> http://weblogs.mozillazine.org/roc/archives/2010/04/api_design_for.html
>
>
> He wasn't talking about JS API design, but some of the lessons still apply.
>
>
>
> Old WHATWG co-conspirators like me obviously agree on the principles roc
> presents, but they do not work so well in JS compared to HTML or even CSS.
> Consider HTML markup:
>
> <video ...>
>     <object ...></object>
> </video>
>
> A new HTML5 video tag with an object tag as fallback, to use a plugin to
> present the video for pre-HTML5 browsers. There are text-y examples that
> work too, even if the degradation is not as graceful as you might get with a
> plugin (plugins can lack grace too :-/).
>
> CSS has standardized error correction from day one, although as noted in
> comments on roc's blog it lacks "feature detection". But graceful
> degradation seems to work as well with CSS as with HTML, if not better.
>
> With JS, new syntax is going to make old browsers throw SyntaxErrors.
> There's no SGML-ish container-tag/point-tag model on which to build fallback
> handling. One could use big strings and eval, or XHR or generated scripts to
> source different versions of the JS content -- but who wants to write
> multiple versions of JS content in the first place.
>
> The "find the closing brace" error correction idea founders on the need to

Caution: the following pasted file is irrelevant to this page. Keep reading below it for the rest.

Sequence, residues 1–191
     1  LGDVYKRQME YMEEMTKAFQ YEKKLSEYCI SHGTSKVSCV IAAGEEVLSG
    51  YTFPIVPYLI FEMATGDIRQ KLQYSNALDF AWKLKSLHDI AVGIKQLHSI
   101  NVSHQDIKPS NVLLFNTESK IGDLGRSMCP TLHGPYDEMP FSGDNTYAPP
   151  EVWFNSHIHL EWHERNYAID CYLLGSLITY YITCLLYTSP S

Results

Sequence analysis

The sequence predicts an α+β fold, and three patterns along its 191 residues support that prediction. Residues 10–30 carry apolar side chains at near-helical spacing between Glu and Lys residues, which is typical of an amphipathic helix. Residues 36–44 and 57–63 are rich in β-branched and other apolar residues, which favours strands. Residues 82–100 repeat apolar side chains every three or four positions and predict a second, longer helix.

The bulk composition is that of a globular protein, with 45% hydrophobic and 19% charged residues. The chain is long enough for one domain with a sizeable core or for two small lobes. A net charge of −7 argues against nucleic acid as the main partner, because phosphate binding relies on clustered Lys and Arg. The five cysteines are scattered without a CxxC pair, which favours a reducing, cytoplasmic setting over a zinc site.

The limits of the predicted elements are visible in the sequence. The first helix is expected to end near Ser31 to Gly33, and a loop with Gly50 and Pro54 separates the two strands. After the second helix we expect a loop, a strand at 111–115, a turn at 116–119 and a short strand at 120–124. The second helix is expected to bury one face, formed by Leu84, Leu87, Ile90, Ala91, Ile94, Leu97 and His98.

> fully lex, which is (a) costly and (b) future-hostile. Allowing new syntax
> in the main grammar only, not in the lexical grammar, seems too restrictive
> even if we never extend the lexical grammar -- we might fix important bugs
> or adjust the spec to match de-facto lexical standards, as we did for IE's
> tolerance of the /[/]/ regexp literal.
>
> So API object detection with fallback written in JS random logic works (for
> some very practical if not theoretically pretty definitions of "works") for
> the non-syntactic extensions coming in Harmony, assuming we can dodge the
> name collision bullets. But for new Harmony syntax, some kind of opt-in
> versioning seems required.
>
> We survived this in the old days moving from JS1.0 to JS1.2 and then ES3.
> One could argue that the web was smaller then (it was still damn big), or